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 Ernie James - Obituary



Ernie James, formerly of Plover Cottage, Bedford Bank, Welney, and for the last five years a resident of Marifa Lodge home for the elderly in Welney, passed peacefully away in Kings Lynn Hospital on 5th July 2005, aged 99.

Ernie He was one of the last (some said the last) of the legendary "Fen Tigers" - the elite breed of men who scratched a seasonal living on the Fens of East Anglia. He was born in Welney on 8th January 1906. His parents lived in a cottage that had been home to several previous generations of the James family, on land they owned between the rivers Delph and Old Bedford, close to the two bridges.

The cottage was known as Ferry House because Ernie's father operated a ferry service across the Washes in winter when the Wash Road (the A1101) road was impassable. Ernie took over the service in 1922 when only 16 and continued it right through the 2nd World War.

He spent all his life in Welney, working for his father on his smallholding when he left school until his 20s, then making a living from a square mile of land and water close to his cottage. At the age of 21 he married Doris, a local Welney girl whose father was employed as a mole-catcher by the local drainage authority.

Ernie never had a 'regular' job - his work, in deed his whole life, was ruled by the seasons. Winter was for punt gunning and his shooting skills were recently recognised by the Shooting Times which listed him as one of the 12 great shooting eccentrics. His greatest achievement was killing 48 birds with a single shot one morning and another 30 in the afternoon.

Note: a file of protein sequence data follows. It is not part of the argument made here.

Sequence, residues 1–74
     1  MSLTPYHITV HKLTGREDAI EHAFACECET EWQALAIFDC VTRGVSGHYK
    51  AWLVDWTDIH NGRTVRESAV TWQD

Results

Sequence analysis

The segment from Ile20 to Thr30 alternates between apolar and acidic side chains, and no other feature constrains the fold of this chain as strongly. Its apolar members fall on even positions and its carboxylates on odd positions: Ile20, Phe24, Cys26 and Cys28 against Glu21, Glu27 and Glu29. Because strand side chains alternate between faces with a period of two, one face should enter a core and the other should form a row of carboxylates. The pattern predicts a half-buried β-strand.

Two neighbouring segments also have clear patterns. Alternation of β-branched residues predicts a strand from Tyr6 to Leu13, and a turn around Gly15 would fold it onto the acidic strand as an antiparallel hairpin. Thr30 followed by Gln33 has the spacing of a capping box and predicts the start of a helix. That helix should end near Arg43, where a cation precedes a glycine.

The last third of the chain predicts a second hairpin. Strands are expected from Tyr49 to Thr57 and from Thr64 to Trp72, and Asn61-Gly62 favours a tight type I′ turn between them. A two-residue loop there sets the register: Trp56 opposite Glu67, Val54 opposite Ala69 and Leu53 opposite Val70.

Shortly after his marriage, his father-in-law became ill and Ernie inherited his job and worked for many years between October and February as a mole-catcher along the banks of the Delph and the Old Bedford rivers. Winter recreation was ice-skating when the washes froze over, and he and his friends would skate for miles on wooden "fen runners".

Springtime saw him busy in his osier beds along the River Delph cutting willows to make eel traps and griggs. He caught thousands of eels during his lifetime, and continued to catch them until he was in his early 90s. One of his great pleasures was to walk along Welney high bank observing the movement of the wild fowl and changes in the scenery of the washes as the seasons passed. Summertime was ditching in the washes and harvest work.

Autumn saw the start of plover-catching which continued until the frost came, and the cycle began again. Although he never travelled far from home he gained a reputation as a master of country lore. People came to visit him from all corners of the world to listen to his stories, view his collection of photographs, and learn about calling birds, trapping eels and catching moles.

In the 1950s he began a media career which lasted for almost 40 years. In 1975 Anglia Television made a documentary about his life in the Fens and he worked with personalities including Dave Allen, David Bellamy and Harry Secombe.

Acknowledgements and Sources:
Site designed and maintained by the Welney Webmaster, Peter Cox.
In 1986 his daughter-in-law Audrey James wrote his biography “Memoirs of a Fen Tiger” which not only chronicles hs life but also a good deal of Welney's history too.
He leaves a son, two daughters, two grandchildren and five great-grandchildren. His wife of 72 years, Doris, died in 2000.

His funeral service and burial were at St Mary's Church, Welney, on Monday 11th July 2005.

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